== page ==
The trial court makes the determination as to the admissibility of testimony. The Court must determine the relevancy, competency, and probative value of the testimony. Limiting Appellant's testimony and that of his witnesses was within the trial court's discretion and his decision will not be reversed absent a manifest abuse of that discretion. Bennett v. State, 297 Ark. 115, 759 S.W.2d 799 (1988); Simpson v. Hurt, 294 Ark. 41, 740 S.W.2d 618 (1987).
Downing, one of the attorneys for Appellee, did not become a witness. To allow his continued representation was discretionary with the court. An attorney cannot be called as a witness for the purpose of disqualifying him from the trial. McCoy Farm, Inc. v. J & M McKee, 263 Ark. 20, 563 S.W.2d 409 (1978). No prejudice to Appellant is demonstrated by allowing Appellee's attorney to continue representing Appellee.
Because several issues might arise on retrial, we will briefly discuss them. During divorce proceedings, Appellee's exwife made disparaging allegations about him. At trial, Appellant wanted to testify about these allegations because they allegedly illustrated his concern that Appellee's ex-wife would be a damaging witness in the Law case. This concern led Appellant to delay bringing the Law case to trial. The Trial Court allowed Appellant to testify that Appellee's ex-wife made some serious untruthful allegations, but refused to allow Appellant to go into the details of these allegations.
We do not reverse a decision made by a trial court pursuant to A.R.E. 403 unless there has been a manifest abuse of discretion in balancing prejudice against probative value. Motes v. Johnson, 304 Ark. 23, 799 S.W.2d 798 (1990); Bennett v. State, 297 Ark. 115, 759 S.W.2d 799 (1988). We find no manifest abuse of discretion in these circumstances.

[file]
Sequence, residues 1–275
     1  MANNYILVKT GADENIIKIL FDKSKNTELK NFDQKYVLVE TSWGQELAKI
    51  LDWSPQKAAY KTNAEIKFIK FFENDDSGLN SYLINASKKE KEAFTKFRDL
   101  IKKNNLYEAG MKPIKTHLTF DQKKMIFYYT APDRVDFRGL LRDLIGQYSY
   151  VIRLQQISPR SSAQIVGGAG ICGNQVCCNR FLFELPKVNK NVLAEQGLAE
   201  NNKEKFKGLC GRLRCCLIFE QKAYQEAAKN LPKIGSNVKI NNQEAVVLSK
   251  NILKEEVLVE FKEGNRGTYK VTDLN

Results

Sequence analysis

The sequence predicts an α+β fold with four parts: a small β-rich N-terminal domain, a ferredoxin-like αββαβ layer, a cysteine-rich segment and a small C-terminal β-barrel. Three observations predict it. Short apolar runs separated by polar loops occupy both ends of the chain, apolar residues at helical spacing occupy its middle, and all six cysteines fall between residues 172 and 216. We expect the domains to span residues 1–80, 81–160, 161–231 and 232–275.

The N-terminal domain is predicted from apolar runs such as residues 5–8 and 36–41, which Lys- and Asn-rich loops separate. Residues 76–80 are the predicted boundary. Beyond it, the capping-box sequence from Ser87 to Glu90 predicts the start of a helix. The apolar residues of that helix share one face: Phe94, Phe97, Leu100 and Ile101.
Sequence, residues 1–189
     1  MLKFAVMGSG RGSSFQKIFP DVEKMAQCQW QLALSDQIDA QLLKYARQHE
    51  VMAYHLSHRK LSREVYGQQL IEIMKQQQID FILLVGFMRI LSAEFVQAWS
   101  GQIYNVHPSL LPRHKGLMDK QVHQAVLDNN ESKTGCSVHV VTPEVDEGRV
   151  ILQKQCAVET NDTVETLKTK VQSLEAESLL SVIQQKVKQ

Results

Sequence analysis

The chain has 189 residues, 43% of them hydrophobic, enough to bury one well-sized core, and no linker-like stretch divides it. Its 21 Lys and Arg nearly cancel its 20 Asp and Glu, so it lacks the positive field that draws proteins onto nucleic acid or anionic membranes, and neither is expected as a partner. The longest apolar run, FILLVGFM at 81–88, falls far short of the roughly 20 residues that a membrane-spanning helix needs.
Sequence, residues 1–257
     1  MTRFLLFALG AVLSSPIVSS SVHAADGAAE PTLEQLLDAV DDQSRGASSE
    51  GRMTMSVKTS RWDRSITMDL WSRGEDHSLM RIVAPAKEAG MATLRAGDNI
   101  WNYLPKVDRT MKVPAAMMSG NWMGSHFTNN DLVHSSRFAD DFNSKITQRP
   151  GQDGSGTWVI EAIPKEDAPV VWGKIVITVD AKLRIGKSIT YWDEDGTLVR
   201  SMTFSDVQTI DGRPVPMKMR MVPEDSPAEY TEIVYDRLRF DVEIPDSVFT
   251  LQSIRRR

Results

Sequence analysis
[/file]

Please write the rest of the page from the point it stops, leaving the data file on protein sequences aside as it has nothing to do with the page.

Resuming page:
No prejudicial error was demonstrated by the trial court's refusal of Appellant's requested jury instruction.
On cross-appeal, Appellee raises several issues. The trial court refused the introduction of the Model Rules of Professional Conduct. This was not error. The Rules are not designed for a basis of civil liability, but are to provide guidance to lawyers and to provide a structure for regulatory conduct through disciplinary agencies. No cause of action should arise from a violation, nor should it create any presumption that a legal duty has been breached. "Scope", Model Rules of Professional Conduct, by per curiam order of Supreme Court of December 16, 1985.
The trial court did not abuse its discretion in refusing to submit to the jury the question of conversion, nor in refusing to let expert witness testify. Both matters are before the Court and he has the discretionary authority to determine their applicability. There is no evidence of any abuse of that authority.
This case is reversed and remanded for further proceedings consistent with this opinion.
Reversed and remanded in part; reversed and dismissed in part.
BROWN, J., not participating.